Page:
After the city of Washington D.C. decided to paint “Black Lives Matter” in large yellow lettering on 16th Street, the conservative watchdogs over at Judicial Watch thought they detected a problem. When the city did nothing to discourage protesters from adding their own message – “Defund the Police” – to the original painting, they knew that things were not kosher.
Nonetheless, they decided to test the city’s tolerance for diverse viewpoints with an ingenious plan: Ask D.C. officials for permission to paint their own motto, “Because No One is Above the Law,” on the city streets.
We’ll let you guess how that went.
Sensing an illegal, unconstitutional preference for only certain kinds of speech, Judicial Watch went to court on Wednesday to get some clarification on what could turn out to be an important First Amendment issue. Does the city of Washington have the right to throw their endorsement behind only certain messages, or do they have to allow equal access to all points of view?
“We have been patient. We also have been flexible. We have stated our willingness to paint our motto at a different location if street closure is necessary and the city is unwilling to close our chosen location,” the group said in court. “All we ask is that we be afforded the same opportunity to paint our message on a DC street that has been afforded the painters on 16th Street.”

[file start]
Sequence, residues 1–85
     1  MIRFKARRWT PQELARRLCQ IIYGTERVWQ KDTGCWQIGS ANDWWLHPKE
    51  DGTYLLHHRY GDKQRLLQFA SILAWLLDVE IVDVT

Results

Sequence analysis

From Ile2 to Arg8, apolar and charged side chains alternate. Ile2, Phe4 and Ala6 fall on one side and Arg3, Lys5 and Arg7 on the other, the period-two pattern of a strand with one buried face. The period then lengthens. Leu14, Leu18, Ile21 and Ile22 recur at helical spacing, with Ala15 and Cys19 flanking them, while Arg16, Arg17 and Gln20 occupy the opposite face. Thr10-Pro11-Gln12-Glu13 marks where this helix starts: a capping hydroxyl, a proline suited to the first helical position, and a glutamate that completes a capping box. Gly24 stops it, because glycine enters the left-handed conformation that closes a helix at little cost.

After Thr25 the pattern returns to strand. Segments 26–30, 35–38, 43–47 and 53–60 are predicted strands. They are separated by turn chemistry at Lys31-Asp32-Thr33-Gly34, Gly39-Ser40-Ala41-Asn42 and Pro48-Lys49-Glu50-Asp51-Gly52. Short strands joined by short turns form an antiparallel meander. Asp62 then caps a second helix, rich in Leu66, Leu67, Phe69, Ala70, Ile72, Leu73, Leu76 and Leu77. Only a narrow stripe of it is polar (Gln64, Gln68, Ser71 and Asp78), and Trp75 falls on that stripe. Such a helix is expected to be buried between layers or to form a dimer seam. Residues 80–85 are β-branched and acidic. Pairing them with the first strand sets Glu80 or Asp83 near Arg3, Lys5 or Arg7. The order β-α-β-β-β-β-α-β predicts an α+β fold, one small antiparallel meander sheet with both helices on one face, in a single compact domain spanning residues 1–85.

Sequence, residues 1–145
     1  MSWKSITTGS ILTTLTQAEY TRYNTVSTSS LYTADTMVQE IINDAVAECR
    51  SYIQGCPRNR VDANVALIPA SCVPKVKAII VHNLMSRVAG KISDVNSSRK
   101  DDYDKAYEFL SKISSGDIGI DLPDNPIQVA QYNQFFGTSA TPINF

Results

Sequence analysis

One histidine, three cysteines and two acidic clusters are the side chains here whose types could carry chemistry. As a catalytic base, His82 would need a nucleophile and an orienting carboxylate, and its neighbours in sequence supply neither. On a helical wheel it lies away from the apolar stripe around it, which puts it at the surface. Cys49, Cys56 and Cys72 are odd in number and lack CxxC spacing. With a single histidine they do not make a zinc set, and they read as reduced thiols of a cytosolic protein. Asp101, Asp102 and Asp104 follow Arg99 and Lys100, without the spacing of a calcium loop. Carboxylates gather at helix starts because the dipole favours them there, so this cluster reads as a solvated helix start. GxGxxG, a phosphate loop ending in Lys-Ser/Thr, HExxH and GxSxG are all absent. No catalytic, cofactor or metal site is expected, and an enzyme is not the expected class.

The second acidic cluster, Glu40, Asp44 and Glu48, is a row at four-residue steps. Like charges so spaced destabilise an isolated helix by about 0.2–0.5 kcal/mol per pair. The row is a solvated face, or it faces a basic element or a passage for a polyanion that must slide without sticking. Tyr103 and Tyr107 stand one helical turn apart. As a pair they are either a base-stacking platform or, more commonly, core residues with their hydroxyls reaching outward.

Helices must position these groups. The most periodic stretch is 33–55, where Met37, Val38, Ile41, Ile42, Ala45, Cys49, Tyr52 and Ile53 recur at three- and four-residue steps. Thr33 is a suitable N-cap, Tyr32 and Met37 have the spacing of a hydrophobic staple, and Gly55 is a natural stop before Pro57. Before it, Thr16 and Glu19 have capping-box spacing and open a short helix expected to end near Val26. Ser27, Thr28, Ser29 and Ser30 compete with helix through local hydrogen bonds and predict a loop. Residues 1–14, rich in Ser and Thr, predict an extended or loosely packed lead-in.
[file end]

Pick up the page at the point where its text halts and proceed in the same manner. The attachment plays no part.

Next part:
After requesting that the city allow them the same privileges that were granted to the “defund the police” painters, they were told that there weren’t really any permits that covered what they were requesting.
“We would gladly follow the rules if there were any,” Judicial Watch said in court. “We are left with the firm conviction that the process — to the extent there is one — is arbitrary and favors only one viewpoint, that which is currently being expressed on 16th Street.”
The group isn’t waiting around idly to see how the courts rule. On June 30, after New York City Mayor Bill de Blasio authorized the painting of “Black Lives Matter” on the streets in all five boroughs of the city, Judicial Watch President Tom Fitton quickly fired off a letter demanding equal treatment.
“Because City streets are now being used as public fora for expressive activity, we would like to have our motto painted along a street, preferably Fifth Avenue between 81st and 83rd Streets,” Fitton wrote. “The lettering would be identical in size and color to the lettering used to paint ‘Black Lives Matter’ in the six above-referenced locations. We would pay the cost of the painting, but we would likely need the assistance of the City to aid in traffic diversion and parking restrictions while the painting is completed. Of course, the painting could be completed in the same manner as the other locations.”
It will be interesting to see how these efforts to hold Democrats accountable for their messaging turns out. It could be that in their zeal to pander to minority interest groups, Washington D.C. and New York City accidentally opened floodgates they didn’t know were there.